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Could Ameriprise Financial, Inc.'s (NYSE:AMP) Investor Composition Influence The Stock Price?

Simply Wall St

A look at the shareholders of Ameriprise Financial, Inc. (NYSE:AMP) can tell us which group is most powerful. Institutions will often hold stock in bigger companies, and we expect to see insiders owning a noticeable percentage of the smaller ones. Companies that have been privatized tend to have low insider ownership.

Ameriprise Financial has a market capitalization of US$17b, so it's too big to fly under the radar. We'd expect to see both institutions and retail investors owning a portion of the company. In the chart below below, we can see that institutional investors have bought into the company. Let's delve deeper into each type of owner, to discover more about AMP.

Check out our latest analysis for Ameriprise Financial

NYSE:AMP Ownership Summary, August 18th 2019

What Does The Institutional Ownership Tell Us About Ameriprise Financial?

Institutional investors commonly compare their own returns to the returns of a commonly followed index. So they generally do consider buying larger companies that are included in the relevant benchmark index.

Ameriprise Financial already has institutions on the share registry. Indeed, they own 89% of the company. This can indicate that the company has a certain degree of credibility in the investment community. However, it is best to be wary of relying on the supposed validation that comes with institutional investors. They too, get it wrong sometimes. It is not uncommon to see a big share price drop if two large institutional investors try to sell out of a stock at the same time. So it is worth checking the past earnings trajectory of Ameriprise Financial, (below). Of course, keep in mind that there are other factors to consider, too.

NYSE:AMP Income Statement, August 18th 2019

Institutional investors own over 50% of the company, so together than can probably strongly influence board decisions. Hedge funds don't have many shares in Ameriprise Financial. Quite a few analysts cover the stock, so you could look into forecast growth quite easily.

Insider Ownership Of Ameriprise Financial

While the precise definition of an insider can be subjective, almost everyone considers board members to be insiders. Company management run the business, but the CEO will answer to the board, even if he or she is a member of it.

Most consider insider ownership a positive because it can indicate the board is well aligned with other shareholders. However, on some occasions too much power is concentrated within this group.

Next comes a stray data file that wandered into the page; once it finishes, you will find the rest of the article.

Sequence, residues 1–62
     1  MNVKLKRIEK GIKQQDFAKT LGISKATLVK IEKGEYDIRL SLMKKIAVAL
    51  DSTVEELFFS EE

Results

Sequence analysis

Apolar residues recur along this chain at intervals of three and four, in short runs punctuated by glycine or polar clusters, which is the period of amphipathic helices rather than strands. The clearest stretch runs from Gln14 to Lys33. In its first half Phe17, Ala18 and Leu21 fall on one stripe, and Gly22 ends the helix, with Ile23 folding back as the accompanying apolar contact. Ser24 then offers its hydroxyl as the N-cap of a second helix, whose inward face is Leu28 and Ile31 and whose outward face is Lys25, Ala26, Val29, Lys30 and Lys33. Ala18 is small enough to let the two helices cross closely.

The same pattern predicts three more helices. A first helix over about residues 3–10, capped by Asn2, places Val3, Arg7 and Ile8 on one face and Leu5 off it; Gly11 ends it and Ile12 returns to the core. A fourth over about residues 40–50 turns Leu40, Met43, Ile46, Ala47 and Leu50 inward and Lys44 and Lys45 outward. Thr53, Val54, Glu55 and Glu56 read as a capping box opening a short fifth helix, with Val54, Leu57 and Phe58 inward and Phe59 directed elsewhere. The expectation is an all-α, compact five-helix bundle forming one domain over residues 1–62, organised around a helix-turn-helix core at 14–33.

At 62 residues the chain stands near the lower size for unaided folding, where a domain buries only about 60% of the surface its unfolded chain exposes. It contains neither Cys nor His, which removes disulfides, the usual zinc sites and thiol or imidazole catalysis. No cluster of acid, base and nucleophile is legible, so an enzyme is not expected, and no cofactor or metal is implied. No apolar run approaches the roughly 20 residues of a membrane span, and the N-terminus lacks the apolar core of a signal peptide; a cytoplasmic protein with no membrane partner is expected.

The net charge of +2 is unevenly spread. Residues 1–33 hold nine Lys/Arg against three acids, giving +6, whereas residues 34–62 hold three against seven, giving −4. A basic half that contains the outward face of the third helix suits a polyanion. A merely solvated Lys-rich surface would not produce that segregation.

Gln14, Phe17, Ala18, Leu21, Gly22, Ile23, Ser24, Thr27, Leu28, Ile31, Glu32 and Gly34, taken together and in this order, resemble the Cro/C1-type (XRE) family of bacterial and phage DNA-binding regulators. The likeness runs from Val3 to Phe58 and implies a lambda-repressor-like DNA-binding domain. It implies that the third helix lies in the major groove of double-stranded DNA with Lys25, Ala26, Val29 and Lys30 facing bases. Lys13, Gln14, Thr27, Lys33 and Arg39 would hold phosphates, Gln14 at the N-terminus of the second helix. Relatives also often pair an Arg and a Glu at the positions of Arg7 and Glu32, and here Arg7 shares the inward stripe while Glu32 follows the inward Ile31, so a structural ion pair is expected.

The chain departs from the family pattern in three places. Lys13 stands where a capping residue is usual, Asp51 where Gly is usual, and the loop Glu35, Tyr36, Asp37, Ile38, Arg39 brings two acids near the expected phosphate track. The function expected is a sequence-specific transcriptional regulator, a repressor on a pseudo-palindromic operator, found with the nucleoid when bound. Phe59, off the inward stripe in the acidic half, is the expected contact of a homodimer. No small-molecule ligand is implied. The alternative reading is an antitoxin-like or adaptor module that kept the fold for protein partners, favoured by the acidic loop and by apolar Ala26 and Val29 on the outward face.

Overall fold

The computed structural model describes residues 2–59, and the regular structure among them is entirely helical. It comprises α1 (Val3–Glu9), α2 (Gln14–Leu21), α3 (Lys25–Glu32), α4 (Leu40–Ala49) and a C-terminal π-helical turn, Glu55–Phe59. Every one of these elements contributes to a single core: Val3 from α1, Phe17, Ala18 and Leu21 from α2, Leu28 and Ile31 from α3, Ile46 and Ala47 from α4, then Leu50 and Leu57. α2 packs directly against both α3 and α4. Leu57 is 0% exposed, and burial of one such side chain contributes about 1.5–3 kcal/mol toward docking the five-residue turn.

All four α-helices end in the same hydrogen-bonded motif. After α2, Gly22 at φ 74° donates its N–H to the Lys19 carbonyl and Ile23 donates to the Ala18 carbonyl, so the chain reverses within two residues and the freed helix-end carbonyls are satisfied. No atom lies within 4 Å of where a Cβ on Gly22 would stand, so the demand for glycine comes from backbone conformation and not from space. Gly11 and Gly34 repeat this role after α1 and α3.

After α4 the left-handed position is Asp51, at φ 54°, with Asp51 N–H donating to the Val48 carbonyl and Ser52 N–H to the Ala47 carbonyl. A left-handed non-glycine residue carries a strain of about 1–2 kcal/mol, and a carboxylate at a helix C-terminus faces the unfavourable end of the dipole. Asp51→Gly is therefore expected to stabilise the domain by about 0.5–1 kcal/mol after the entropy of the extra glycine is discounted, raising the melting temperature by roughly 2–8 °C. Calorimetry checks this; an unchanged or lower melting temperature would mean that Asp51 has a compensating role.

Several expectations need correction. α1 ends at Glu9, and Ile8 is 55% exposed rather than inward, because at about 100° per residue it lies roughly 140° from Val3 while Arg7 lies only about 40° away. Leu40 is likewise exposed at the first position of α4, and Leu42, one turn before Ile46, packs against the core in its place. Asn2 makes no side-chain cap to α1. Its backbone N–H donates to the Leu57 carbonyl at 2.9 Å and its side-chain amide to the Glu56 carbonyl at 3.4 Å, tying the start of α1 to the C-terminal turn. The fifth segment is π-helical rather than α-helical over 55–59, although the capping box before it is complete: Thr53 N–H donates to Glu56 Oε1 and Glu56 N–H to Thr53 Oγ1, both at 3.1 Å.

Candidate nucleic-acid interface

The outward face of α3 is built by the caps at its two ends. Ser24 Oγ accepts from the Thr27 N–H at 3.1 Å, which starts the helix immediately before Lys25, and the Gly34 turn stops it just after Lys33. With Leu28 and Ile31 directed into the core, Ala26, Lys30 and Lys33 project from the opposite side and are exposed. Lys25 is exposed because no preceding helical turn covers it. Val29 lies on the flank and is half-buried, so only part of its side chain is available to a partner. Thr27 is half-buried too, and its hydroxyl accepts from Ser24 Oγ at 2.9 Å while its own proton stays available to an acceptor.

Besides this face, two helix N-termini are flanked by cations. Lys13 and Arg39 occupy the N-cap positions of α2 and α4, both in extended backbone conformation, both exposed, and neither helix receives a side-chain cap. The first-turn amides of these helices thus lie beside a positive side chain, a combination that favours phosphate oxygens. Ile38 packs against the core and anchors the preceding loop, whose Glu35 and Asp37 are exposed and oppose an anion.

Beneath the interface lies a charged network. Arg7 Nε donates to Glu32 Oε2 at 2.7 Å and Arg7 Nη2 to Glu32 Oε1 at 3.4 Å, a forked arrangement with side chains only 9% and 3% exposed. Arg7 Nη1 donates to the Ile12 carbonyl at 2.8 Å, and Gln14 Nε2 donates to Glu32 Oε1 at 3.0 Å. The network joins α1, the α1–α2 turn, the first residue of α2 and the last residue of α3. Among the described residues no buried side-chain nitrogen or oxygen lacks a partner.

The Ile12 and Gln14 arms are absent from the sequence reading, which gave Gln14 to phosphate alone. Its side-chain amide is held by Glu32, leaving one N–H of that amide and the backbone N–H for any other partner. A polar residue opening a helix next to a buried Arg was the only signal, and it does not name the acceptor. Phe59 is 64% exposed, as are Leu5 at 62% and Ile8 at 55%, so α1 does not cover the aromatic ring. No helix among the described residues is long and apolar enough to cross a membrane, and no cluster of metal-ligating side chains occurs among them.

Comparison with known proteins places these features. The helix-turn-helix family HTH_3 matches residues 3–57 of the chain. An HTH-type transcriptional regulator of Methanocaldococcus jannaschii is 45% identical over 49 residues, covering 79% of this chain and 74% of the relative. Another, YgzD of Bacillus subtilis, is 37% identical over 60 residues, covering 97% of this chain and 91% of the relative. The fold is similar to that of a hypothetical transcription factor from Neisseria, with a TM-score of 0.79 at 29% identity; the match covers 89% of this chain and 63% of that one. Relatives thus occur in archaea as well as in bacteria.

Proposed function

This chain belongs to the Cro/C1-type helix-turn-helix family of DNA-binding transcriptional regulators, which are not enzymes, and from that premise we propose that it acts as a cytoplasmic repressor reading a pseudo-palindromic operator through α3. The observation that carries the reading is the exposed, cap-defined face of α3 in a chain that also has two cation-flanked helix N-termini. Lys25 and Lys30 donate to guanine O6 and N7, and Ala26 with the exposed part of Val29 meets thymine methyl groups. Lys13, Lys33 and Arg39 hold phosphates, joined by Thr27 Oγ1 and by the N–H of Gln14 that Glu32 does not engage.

Our data suggests that insiders own under 1% of Ameriprise Financial, Inc. in their own names. Being so large, we would not expect insiders to own a large proportion of the stock. Collectively, they own US$70m of stock. It is good to see board members owning shares, but it might be worth checking if those insiders have been buying.

General Public Ownership

With a 10% ownership, the general public have some degree of sway over AMP. While this size of ownership may not be enough to sway a policy decision in their favour, they can still make a collective impact on company policies.

Next Steps:

I find it very interesting to look at who exactly owns a company. But to truly gain insight, we need to consider other information, too.

I always like to check for a history of revenue growth. You can too, by accessing this free chart of historic revenue and earnings in this detailed graph.

But ultimately it is the future, not the past, that will determine how well the owners of this business will do. Therefore we think it advisable to take a look at this free report showing whether analysts are predicting a brighter future.

NB: Figures in this article are calculated using data from the last twelve months, which refer to the 12-month period ending on the last date of the month the financial statement is dated. This may not be consistent with full year annual report figures.

We aim to bring you long-term focused research analysis driven by fundamental data. Note that our analysis may not factor in the latest price-sensitive company announcements or qualitative material.

If you spot an error that warrants correction, please contact the editor at editorial-team@simplywallst.com. This article by Simply Wall St is general in nature. It does not constitute a recommendation to buy or sell any stock, and does not take account of your objectives, or your financial situation. Simply Wall St has no position in the stocks mentioned. Thank you for reading.